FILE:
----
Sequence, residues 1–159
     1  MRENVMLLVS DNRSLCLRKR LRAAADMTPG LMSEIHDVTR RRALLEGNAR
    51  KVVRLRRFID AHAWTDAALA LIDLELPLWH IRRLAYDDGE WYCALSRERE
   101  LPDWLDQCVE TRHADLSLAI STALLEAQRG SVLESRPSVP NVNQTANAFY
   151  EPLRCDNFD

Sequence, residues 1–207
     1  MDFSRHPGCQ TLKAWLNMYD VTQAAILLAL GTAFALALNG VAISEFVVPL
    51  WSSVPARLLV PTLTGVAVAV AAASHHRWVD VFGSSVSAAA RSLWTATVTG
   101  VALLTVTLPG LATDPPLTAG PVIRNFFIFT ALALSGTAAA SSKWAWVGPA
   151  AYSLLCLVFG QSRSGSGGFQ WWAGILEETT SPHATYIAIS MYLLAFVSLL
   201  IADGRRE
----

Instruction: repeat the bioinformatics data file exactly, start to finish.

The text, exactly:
Sequence, residues 1–159
     1  MRENVMLLVS DNRSLCLRKR LRAAADMTPG LMSEIHDVTR RRALLEGNAR
    51  KVVRLRRFID AHAWTDAALA LIDLELPLWH IRRLAYDDGE WYCALSRERE
   101  LPDWLDQCVE TRHADLSLAI STALLEAQRG SVLESRPSVP NVNQTANAFY
   151  EPLRCDNFD

Sequence, residues 1–207
     1  MDFSRHPGCQ TLKAWLNMYD VTQAAILLAL GTAFALALNG VAISEFVVPL
    51  WSSVPARLLV PTLTGVAVAV AAASHHRWVD VFGSSVSAAA RSLWTATVTG
   101  VALLTVTLPG LATDPPLTAG PVIRNFFIFT ALALSGTAAA SSKWAWVGPA
   151  AYSLLCLVFG QSRSGSGGFQ WWAGILEETT SPHATYIAIS MYLLAFVSLL
   201  IADGRRE